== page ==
The Marine Corps is looking into the details surrounding a viral video that shows a female Marine weeping after she allegedly found out a male Marine she claims admitted to perpetrating a sexual crime against her will remain in the Corps, despite his confession.
The TikTok video posted Thursday and amplified by the Twitter account Not In My Marine Corps, an organization dedicated to ending sexual assault and harassment in the military, shows the female Marine, devastated in her car, saying that the Marine Corps failed her.
“I’ve dedicated my life to the military and the Marine Corps and everything that I’ve done and that I was able to see my f*cking perpetrator in court and how much it f*cking sucked,” she said, tears streaming down her face.
The Marine claimed that her alleged perpetrator was set to get an honorable discharge, potentially allowing him to receive all his military benefits, despite allegedly admitting to the sexual assault.
“Not even f*cking 10 minutes ago I just got word that this motherf*cker will be getting retained because it went all the way up … the f*cking head honcho, the f*cking CG, with all of the proof and a f*cking admission to guilt, decided that they will retain him,” she said. “This is exactly why f*cking females in the military f*cking kill themselves, this is exactly why nobody f*cking takes us seriously.”
The Marine has declined to talk to Marine Corps Times about the video.
A Marine Corps spokesperson confirmed to Marine Corps Times that the Marine referenced in the video was not charged with raping her in this case. The crime he allegedly admitted to and was accused of was distributing intimate photos of her.
The Marine in the video also claims to have been sexually assaulted by a fellow Marine.
Marine Corps Times cannot confirm whether the rape accusation has any relation to the Marine who was accused of distributing personal information, or where the rape accusation is in the investigation process.
“This video specifically refers to an allegation of misconduct regarding the wrongful appropriation and distribution of personal information,” another Marine spokesperson, Capt. Angelica A. Sposato, with II MEF, said in a statement. “The current administrative separation process for the accused perpetrator mentioned in the video is ongoing.”
Men are especially likely to seek a separation after an assault, the Rand Corp. study found.
The video managed to reach the desk of Secretary of Defense Lloyd Austin, who said he was looking into the issue.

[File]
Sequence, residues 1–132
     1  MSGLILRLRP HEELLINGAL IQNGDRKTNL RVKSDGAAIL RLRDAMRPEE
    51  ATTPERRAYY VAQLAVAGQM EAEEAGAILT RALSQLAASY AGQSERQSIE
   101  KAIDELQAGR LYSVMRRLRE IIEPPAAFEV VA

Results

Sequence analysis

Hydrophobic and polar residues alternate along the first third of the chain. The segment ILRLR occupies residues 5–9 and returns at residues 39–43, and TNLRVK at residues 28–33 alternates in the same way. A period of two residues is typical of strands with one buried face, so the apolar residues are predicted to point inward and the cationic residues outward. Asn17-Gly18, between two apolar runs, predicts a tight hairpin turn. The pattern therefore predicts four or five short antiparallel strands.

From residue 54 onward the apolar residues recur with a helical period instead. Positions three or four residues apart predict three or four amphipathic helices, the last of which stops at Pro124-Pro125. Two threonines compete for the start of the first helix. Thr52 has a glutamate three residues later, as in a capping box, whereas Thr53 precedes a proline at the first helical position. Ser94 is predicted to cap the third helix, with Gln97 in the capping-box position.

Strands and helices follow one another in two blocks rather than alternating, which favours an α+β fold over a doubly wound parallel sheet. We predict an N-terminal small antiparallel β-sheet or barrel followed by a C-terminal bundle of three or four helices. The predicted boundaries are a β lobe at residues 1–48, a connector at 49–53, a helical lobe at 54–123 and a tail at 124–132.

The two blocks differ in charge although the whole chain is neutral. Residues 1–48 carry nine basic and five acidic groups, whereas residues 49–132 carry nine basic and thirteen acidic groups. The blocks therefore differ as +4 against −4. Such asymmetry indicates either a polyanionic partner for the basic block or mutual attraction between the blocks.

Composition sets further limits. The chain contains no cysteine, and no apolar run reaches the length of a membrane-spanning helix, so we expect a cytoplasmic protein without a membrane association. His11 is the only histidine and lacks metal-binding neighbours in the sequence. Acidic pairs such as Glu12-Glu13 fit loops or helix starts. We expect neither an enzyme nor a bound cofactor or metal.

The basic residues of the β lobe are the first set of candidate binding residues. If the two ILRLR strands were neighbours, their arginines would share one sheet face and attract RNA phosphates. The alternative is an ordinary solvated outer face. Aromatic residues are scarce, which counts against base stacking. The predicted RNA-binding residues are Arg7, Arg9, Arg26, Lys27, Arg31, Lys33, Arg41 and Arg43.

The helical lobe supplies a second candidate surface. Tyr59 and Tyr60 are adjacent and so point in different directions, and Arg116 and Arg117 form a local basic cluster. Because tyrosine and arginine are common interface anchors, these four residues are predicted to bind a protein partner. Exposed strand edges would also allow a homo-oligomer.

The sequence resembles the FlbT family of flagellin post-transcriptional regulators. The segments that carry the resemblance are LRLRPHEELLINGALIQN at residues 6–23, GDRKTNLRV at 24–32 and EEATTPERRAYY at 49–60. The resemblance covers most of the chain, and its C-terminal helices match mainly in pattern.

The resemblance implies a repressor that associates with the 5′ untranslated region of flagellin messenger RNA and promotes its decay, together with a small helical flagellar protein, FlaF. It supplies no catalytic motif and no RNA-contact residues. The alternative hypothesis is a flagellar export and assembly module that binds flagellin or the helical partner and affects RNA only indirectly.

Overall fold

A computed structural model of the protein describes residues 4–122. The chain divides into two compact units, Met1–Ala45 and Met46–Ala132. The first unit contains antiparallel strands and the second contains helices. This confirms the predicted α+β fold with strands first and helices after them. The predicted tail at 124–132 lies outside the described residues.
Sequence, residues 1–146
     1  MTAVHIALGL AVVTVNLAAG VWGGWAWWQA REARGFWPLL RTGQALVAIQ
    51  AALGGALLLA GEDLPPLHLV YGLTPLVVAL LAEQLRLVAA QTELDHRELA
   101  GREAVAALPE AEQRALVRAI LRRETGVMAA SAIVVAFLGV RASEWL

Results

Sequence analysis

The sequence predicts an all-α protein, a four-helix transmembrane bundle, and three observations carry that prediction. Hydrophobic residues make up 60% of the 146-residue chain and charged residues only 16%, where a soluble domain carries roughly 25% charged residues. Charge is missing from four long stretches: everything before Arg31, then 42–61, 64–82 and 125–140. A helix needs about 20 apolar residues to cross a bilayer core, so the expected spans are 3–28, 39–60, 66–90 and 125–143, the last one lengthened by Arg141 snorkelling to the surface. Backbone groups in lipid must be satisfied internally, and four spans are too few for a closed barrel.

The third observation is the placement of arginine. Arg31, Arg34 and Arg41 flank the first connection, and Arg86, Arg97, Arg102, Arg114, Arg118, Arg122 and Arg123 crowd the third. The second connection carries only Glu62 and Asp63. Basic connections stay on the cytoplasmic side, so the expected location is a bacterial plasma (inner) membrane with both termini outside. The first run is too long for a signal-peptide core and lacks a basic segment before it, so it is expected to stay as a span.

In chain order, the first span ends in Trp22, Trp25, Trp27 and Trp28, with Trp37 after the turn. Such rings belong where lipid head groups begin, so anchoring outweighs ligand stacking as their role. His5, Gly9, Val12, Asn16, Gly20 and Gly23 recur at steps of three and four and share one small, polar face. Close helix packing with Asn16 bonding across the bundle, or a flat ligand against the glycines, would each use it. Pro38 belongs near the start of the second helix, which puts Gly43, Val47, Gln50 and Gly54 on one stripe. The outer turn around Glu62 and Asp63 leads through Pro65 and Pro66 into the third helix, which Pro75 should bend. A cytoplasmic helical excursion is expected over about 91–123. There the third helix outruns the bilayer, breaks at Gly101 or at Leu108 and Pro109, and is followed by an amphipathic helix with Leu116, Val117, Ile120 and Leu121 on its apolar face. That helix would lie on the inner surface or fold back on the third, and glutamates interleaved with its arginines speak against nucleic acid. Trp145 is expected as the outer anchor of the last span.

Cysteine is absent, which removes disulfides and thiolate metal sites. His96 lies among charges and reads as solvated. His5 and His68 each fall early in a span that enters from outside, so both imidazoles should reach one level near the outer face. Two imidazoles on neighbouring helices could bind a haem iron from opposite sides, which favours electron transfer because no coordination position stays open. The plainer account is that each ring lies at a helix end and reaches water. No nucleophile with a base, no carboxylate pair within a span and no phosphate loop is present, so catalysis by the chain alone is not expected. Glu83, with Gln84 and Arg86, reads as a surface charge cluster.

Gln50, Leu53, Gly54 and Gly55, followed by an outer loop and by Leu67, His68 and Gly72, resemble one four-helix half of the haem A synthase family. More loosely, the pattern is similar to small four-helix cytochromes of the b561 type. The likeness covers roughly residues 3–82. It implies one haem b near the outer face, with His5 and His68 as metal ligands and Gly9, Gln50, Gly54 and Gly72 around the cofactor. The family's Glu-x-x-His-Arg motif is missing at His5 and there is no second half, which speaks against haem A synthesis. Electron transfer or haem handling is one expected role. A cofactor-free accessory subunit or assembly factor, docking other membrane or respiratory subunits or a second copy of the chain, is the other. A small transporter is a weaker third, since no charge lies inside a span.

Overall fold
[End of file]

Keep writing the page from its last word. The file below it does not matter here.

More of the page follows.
“I’m going to ask that her chain of command make sure that someone is looking out after her needs, and make sure we are taking care of her,” Austin told reporters on Friday. “I found the video deeply disturbing. And I’ve asked my staff for additional information. And I’ll leave it at that.”
Sposato added that the MEF has reached out to the Marine to ensure her voice is heard.
“The Marine in the video is safe and has been afforded the opportunity to meet with senior representatives in her command,” Sposato said. “The Marine Corps and the nation expect the highest standards of conduct from Marines and sailors. Those who do not uphold these standards will be held accountable in accordance with Marine Corps and Department of Defense policy.”
The spokeswoman said the Corps takes all allegations of “prohibited conduct and activities seriously,” and ensure Marine victims are “fully supported with appropriate resources specific to the nature of an incident.”
An aide for Rep. Jackie Speier, D-Calif., told Marine Corps Times the representative is already looking into the issue.
“The congresswoman is aware of the video and is concerned about the situation,” an aide for the representative said in an email. “We are in communication with the Marine Corps. The Marine Corps says that she is safe, and we are awaiting additional information.”
Speier, the chair of the House Armed Services Military personnel subcommittee, routinely has taken the military to task over its failure to combat sexual assault in its ranks and is the sponsor of the I Am Vanessa Guillén Act.
The bill is named after Fort Hood, Texas, soldier Spc. Vanessa Guillen who was allegedly killed by a fellow soldier who then died by suicide.
Shortly before her death, Guillén told her mother she was being sexually harassed.
The bill would make sexual harassment a crime punishable under the Uniform Code of Military Justice, allow those who were sexually assaulted or harassed to receive compensation from the Department of Defense, and would force independent investigations, outside the chain of command, for all sexual misconduct claims.
New York Democrat Kirsten Gillibrand is also looking into the issue, a spokesman for her office said.
“Senator Gillibrand’s office has sent inquiries to the Department of Defense and the United States Marine Corps inquiring about the Marine’s case and her safety,” Evan Lukaske told Marine Corps Times in an email.
Pentagon Bureau Chief Meghann Meyers and Deputy Editor Leo Shane contributed to this story.
This story was updated to reflect that the female Marine in this piece declined to speak to Marine Corps Times.